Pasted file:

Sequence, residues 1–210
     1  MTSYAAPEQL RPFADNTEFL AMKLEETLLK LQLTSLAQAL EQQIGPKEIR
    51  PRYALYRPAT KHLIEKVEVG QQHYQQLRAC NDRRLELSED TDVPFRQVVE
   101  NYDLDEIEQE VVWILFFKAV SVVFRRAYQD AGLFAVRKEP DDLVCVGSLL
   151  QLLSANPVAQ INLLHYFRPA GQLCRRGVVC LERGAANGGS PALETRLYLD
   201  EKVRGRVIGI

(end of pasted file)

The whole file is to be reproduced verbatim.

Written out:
Sequence, residues 1–210
     1  MTSYAAPEQL RPFADNTEFL AMKLEETLLK LQLTSLAQAL EQQIGPKEIR
    51  PRYALYRPAT KHLIEKVEVG QQHYQQLRAC NDRRLELSED TDVPFRQVVE
   101  NYDLDEIEQE VVWILFFKAV SVVFRRAYQD AGLFAVRKEP DDLVCVGSLL
   151  QLLSANPVAQ INLLHYFRPA GQLCRRGVVC LERGAANGGS PALETRLYLD
   201  EKVRGRVIGI